It's almost inevitable that famous comedic actors will eventually go for a dramatic role. They seem to have the desire to prove themself capable of more than just making people laugh. These days most of us are pretty familiar with Bill Murray sometimes doing these dramatic roles, but The Razor's Edge was his first such film. He co-wrote the script with director John Byrum, adapting the novel of the same name. There was another adaptation of this book back in 1946, and from what I hear it is pretty different. Probably because Murray puts a lot of influence on the main character Larry Darrell. What's interesting is that no one wanted to produce this film and it was only because Murray agreed to do Ghostbusters that Columbia agreed to help make the picture.
The story is a fairly common one of a man in search of himself and the meaning of life. Larry is a carefree spirit, having much in common with the rascals we've seen Murray portray in film up to this point. But he's sent to Europe as an ambulance driver in World War I and the experience changes him dramatically, leaving him lost and confused. He postpones his planned wedding and declines an offer to be a stockbroker in order to go to Paris. His travels also take him to India before returning back to Paris. He spends time with Tibetan monks and tries to be a good man, though a sequence of tragic events make him question whether or not it all truly matters in the end.
While Murray's wit does come through in some of the scenes, overall this is a pretty quiet film, relying far more on drama than comedy. He handles it well and Catherine Hicks, Theresa Russell, Denholm Elliot, and James Keach round out a strong supporting cast around him. Perhaps the strongest scene happens while he's still in the war, when the man leading them (I'm not sure if he's meant to be a captain or not) dies. He had seen the man insult other servicemen who had just passed away, clearly a way of dealing with their deaths. As such, he leans over the dead man and talks about how much of a slob and a glutton he was, mourning him in much the same way. It's partly emotional because the man is playing by Murray's brother Brian Doyle-Murray, and partly because it was Murray's tribute to his recently deceased friend John Belushi.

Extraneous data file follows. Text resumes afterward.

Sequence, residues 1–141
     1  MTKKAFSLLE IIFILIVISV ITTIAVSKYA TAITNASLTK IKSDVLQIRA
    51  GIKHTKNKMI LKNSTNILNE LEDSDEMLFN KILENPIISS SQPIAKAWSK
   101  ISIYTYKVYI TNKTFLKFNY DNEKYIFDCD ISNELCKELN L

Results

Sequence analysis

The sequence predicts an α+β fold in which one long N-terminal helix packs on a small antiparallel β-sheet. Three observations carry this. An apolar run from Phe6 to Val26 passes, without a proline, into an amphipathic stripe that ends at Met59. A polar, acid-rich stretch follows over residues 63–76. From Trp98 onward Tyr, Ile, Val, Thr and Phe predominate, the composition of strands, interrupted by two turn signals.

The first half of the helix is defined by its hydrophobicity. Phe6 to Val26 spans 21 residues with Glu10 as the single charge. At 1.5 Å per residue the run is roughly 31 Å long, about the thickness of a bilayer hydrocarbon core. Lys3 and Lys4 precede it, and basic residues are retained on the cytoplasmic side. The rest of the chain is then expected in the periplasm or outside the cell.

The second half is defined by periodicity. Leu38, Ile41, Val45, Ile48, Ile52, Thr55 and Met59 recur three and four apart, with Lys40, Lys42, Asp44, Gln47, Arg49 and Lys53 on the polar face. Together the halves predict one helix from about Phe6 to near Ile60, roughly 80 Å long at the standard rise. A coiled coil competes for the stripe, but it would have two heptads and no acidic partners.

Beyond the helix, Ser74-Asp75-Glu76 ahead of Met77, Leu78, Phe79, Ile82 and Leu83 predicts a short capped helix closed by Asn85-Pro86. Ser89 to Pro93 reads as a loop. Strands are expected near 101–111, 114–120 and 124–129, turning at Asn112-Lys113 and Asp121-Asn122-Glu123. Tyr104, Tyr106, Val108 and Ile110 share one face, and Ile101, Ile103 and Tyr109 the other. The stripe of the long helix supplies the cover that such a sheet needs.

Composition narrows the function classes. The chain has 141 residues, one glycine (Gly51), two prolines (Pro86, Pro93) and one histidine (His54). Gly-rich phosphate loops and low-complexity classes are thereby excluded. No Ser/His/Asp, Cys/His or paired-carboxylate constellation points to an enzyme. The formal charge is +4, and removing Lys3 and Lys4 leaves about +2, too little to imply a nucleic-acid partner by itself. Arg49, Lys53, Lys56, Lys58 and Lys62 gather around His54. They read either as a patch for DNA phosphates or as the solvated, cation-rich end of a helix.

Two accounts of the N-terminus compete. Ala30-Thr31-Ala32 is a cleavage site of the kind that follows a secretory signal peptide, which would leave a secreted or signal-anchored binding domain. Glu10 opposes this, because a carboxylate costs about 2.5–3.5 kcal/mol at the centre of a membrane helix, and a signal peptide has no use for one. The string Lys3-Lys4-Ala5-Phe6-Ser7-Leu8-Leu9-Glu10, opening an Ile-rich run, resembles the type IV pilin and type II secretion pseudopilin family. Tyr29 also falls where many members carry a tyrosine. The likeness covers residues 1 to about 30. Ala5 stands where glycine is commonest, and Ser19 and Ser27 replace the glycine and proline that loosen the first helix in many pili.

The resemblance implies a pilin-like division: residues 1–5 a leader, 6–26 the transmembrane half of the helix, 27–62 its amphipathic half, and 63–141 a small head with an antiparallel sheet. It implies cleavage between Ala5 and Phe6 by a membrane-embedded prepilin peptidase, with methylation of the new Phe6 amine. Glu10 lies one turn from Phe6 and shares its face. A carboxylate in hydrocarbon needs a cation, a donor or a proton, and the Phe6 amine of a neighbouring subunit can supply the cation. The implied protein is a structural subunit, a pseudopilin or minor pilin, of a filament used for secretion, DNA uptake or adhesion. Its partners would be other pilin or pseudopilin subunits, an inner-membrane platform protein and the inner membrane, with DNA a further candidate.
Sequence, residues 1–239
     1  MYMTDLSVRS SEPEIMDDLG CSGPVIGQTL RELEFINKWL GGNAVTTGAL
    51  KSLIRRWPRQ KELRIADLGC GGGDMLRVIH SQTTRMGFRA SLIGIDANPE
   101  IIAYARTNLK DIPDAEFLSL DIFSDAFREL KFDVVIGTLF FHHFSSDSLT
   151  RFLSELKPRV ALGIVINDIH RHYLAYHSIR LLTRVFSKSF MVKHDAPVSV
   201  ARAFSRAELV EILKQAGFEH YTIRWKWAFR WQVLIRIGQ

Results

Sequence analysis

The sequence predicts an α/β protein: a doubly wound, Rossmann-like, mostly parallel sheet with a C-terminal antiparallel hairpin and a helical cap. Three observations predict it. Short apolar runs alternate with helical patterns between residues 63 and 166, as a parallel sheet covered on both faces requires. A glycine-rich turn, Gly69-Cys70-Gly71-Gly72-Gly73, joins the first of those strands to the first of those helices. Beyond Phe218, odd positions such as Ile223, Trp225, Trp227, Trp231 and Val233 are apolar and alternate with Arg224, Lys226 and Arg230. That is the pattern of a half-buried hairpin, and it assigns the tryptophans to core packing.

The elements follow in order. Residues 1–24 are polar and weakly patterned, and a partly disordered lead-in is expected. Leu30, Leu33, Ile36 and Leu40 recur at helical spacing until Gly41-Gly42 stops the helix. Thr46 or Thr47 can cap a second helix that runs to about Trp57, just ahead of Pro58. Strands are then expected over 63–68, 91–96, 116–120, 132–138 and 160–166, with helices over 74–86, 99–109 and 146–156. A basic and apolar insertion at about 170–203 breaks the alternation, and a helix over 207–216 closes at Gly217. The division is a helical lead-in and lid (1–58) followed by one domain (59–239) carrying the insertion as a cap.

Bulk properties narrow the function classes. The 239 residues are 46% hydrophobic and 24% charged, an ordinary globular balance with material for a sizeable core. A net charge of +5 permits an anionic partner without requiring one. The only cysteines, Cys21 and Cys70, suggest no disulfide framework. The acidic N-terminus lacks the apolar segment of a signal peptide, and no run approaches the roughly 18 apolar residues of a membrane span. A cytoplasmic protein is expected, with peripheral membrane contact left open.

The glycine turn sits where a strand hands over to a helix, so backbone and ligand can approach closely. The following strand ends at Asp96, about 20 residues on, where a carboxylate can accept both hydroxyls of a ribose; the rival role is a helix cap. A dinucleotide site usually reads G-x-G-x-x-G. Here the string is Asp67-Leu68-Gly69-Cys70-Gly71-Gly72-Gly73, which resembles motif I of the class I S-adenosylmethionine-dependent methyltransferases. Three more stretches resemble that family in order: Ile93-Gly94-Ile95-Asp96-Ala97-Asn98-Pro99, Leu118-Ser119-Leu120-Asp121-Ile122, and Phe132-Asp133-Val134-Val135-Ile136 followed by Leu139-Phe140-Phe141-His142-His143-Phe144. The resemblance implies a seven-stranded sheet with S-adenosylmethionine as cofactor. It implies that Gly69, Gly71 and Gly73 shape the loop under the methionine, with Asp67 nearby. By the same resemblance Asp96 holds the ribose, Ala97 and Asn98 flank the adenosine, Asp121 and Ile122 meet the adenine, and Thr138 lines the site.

Like a lot of adaptations, the movie has the feel of just scraping the surface. I get the feeling that the depth of the relationships Larry has with the other members of the cast probably goes a lot further than what we get to see in the film. His time in India deep in meditation would probably be better explored as well. That said, the movie doesn't feel like it's missing anything either. They seem to have done a good job of finding key points to build a proper story around.
I was surprised to find that this film was not well received when it was released. Maybe at the time people weren't quite ready to accept Murray as a dramatic actor. As for me I enjoyed it a lot. If you're the type of person who thinks the journey is far more important than the destination, I think you'll enjoy it too. While not well known, the film is currently available and I recommend watching it if you get the chance.